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Cornish Tales:

One of the first Cornish records for the Reeves’ muntjac was an animal seen in the garden of the Cornwall Wildlife Trust’s offices outside Truro.

Reeves’ muntjac is the Cornwall’s smallest deer, not much bigger than a labrador, they are 45-52 cm high at shoulder and weigh between 10 and 18 kg when fully grown. 


Typically russet brown in summer, they moult to grey-brown in the winter. The belly and throat are somewhat paler. Adult
males often have darker, almost black forelegs. When alarmed, the long dark tail is raised to reveal a white patch underneath. Both males and females have dark markings on the face - in males the dark line along the nose opens into a ‘V’, whereas in females there is a diamond-shaped marking on the forehead. Their back legs are longer than their front legs, giving them a characteristic ‘rounded back’ appearance. Males have short (10cm), straight, backwards pointing antlers that are cast in early summer and regrow by the autumn. The long pedicles, from which the true antlers appear, remain all year. Males also have protruding upper canine teeth. Both sexes have conspicuous dark markings beneath each eye, these are scent glands, used extensively to mark territories. 


Muntjac are often called ‘Barking deer’ due to their habit of giving repeated loud barks that can travel long distances.

Unlike most other UK deer, muntjac are solitary. They can be seen at any time of day, but are most active at dawn and dusk. Muntjac like plenty of cover, and prefer woodlands and thickets with a dense understory. They are very adaptable however, and are commonly found in urban areas such as scrub and overgrown gardens. Muntjac are very selective feeders, taking tender leaves from a variety of plants. Their diet includes brambles, herbs, ivy, heather and coppice shoots.

Bucks defend large territories of 20-30 Ha against other males and these territories encompass the territories of several females. Territories are often held by the same individuals for many years. Males, especially those equally matched, will fight using a combination of head-to-head clashes and slashing with canine teeth. Wounds may be deep and often become infected. Dominant males secure access to females within their territories and sometimes further afield.


There is no mating season and females can breed year round, giving birth to a single kid after a 7 month gestation period. Females often breed in their first year and are ready to mate again within a few days of giving birth. The doe will aggressively defend her fawn and even chase off large dogs if they approach to closely. Animals in captivity may live for up to 20 years, although in the wild 10-12 years is more likely. 75% of all animals die in the first 3 years.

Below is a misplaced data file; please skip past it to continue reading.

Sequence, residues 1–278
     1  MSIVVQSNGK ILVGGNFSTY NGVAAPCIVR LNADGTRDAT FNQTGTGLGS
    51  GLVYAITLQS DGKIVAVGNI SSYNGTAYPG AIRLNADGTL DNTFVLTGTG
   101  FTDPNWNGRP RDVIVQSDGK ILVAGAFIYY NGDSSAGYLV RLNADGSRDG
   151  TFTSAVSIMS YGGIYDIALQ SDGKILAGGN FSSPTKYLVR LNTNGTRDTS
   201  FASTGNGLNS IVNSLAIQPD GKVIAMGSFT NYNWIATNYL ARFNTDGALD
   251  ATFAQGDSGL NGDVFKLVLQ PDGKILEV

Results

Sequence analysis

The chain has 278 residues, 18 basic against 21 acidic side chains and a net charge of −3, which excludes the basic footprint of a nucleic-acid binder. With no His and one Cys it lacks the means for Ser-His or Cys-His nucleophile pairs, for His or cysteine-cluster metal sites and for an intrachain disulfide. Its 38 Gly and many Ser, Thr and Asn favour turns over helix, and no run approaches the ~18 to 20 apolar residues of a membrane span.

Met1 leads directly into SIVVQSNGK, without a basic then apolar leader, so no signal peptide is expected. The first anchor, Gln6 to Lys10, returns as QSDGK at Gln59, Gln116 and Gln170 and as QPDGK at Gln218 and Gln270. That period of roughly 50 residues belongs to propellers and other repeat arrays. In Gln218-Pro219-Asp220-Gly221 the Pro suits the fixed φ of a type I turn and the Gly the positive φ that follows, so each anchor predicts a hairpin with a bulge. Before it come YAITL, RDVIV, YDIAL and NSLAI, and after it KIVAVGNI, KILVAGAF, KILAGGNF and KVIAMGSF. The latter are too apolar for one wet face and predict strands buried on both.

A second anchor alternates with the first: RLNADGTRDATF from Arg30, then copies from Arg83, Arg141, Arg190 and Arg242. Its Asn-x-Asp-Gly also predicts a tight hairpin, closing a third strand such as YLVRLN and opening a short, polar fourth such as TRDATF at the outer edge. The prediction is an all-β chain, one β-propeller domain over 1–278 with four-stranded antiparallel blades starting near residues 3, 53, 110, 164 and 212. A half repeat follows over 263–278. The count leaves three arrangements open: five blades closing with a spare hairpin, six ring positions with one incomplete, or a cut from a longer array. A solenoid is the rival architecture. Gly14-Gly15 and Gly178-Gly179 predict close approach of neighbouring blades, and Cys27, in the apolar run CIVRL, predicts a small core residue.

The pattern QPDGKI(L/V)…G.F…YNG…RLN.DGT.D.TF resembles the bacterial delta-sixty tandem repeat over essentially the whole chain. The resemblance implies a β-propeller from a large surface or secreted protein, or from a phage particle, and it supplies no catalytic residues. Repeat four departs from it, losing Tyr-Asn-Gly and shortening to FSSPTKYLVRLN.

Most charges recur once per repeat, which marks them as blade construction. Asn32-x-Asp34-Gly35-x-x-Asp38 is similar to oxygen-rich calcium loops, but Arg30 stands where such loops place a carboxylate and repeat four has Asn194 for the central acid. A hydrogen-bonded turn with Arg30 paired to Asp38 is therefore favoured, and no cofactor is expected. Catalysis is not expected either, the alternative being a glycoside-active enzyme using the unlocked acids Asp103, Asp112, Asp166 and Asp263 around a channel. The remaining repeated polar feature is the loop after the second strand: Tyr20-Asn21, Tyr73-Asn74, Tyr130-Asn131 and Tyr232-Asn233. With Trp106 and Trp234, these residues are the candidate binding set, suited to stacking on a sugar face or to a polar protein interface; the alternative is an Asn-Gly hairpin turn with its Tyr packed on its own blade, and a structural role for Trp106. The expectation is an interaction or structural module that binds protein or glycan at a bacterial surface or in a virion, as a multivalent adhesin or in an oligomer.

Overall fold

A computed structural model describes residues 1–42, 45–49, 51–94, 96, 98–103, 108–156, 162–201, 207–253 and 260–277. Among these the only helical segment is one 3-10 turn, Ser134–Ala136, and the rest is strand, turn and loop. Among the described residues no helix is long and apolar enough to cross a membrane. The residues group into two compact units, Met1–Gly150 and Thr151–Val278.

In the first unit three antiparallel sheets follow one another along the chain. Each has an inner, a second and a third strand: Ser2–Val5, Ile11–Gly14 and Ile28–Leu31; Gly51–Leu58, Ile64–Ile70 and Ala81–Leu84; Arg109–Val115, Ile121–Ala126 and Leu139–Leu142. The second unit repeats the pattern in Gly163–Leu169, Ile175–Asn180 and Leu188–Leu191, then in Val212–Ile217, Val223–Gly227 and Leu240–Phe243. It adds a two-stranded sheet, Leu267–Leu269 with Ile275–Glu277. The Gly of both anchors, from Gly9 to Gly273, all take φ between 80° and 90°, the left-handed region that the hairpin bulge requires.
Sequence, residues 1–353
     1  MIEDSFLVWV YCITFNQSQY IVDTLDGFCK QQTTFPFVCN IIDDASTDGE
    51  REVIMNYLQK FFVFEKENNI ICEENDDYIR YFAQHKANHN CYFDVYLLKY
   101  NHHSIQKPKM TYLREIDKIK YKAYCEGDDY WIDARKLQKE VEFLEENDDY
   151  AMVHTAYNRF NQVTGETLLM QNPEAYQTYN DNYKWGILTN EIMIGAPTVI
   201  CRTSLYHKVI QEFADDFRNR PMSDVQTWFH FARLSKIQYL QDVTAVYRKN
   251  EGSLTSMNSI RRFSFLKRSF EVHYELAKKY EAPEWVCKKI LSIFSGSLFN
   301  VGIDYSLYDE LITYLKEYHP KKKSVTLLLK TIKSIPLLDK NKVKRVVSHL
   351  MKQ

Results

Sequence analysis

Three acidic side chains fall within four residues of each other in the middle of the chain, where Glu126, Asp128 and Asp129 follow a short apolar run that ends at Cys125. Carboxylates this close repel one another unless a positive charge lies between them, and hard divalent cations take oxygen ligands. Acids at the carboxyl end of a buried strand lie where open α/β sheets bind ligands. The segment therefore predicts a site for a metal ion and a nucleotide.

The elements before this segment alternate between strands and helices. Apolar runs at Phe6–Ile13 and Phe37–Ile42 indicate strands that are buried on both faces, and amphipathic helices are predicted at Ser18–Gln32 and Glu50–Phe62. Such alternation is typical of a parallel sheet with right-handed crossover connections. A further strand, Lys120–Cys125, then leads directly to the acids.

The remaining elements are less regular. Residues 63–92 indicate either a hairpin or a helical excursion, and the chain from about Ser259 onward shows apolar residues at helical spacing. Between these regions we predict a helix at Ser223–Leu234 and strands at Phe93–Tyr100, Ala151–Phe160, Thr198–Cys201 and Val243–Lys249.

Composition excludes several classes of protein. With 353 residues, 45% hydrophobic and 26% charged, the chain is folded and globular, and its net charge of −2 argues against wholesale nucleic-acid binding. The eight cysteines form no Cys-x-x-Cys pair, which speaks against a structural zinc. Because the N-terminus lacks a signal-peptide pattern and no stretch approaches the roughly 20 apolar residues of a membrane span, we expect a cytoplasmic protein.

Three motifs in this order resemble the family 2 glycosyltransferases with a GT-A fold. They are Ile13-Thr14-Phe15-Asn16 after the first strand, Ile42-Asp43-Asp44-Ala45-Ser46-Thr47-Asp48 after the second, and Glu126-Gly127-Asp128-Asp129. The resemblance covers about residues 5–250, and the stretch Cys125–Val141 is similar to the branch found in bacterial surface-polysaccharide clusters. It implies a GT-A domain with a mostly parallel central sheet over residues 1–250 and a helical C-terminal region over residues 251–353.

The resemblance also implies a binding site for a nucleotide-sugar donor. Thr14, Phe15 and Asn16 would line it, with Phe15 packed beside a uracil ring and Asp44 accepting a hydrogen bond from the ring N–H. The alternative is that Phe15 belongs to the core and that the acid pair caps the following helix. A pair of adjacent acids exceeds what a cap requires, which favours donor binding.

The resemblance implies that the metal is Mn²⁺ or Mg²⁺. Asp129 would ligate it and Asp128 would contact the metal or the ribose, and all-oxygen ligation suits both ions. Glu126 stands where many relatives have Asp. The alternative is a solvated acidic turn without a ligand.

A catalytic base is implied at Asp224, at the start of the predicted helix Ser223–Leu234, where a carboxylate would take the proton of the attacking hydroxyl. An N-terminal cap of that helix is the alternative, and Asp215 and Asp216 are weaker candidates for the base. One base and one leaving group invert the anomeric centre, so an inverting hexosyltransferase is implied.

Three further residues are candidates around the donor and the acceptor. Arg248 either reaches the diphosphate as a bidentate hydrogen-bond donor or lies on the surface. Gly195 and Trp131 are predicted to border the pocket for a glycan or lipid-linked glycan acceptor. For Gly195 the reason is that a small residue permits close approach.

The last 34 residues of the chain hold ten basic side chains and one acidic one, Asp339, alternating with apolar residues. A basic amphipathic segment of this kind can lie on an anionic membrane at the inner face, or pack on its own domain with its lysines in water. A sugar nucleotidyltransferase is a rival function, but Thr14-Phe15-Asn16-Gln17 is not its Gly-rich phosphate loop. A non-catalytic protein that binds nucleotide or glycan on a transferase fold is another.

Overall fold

The muntjac has no significant predators in the UK, although fawns are frequently taken by foxes. Road deaths are common, and due to their increase in numbers, the species is controlled by shooting in some areas.

Survey Methods:

Field surveys for tracks and signs. Traffic casualty monitoring. Deer management returns. Hunt returns. Muntjac are very distinctive and can be easily distinguished from other UK deer species. The most common recording methods are direct observation of live animals, and road kill.

This solitary and secretive deer is most often seen by the roadside, frequently as a traffic casualty. The tiny tracks, less than 3 cm long, are smaller than any other adult British deer and when clear prints are present it can be seen that the
cleaves (hoof halves) are of unequal size. The small faecal pellets (each less than 1 cm in length) may be may be 

separate or accumulated and are often deposited in shallow scrapes under cover. In densely populated area multiple animals may use a single latrine area. Regular runs through dense vegetation, about 60 cm high and 20 cm wide may be found.

© Dave Thomas

Did you know?:

The Reeves’ muntjac takes its name from John Reeves, inspector of tea at the British East Indian Company. The first Muntjac in the UK arrived in Woburn Abbey in 1840. Deliberate releases and escapes from wildlife parks mean that they have now colonised much of southern and central England.

© David Chapman

© Jenny Hobday


Although relatively few records are currently on the ERCCIS database, Muntjac are increasingly reported by deer stalkers and woodland managers around the county. There are reports of this distinctive deer from shooting, photographic and wildlife websites. Established in central and southern England and spreading, Reeves’ Muntjac is native to southeast China and Taiwan.


2007-2012:    33

2002-2007:     1

Pre-2001:       3

Total:            37


Not under threat. Considered a pest in some areas, particularly in managed gardens. Muntjac have a particular impact on woodland regeneration and many native plants, especially bluebells.

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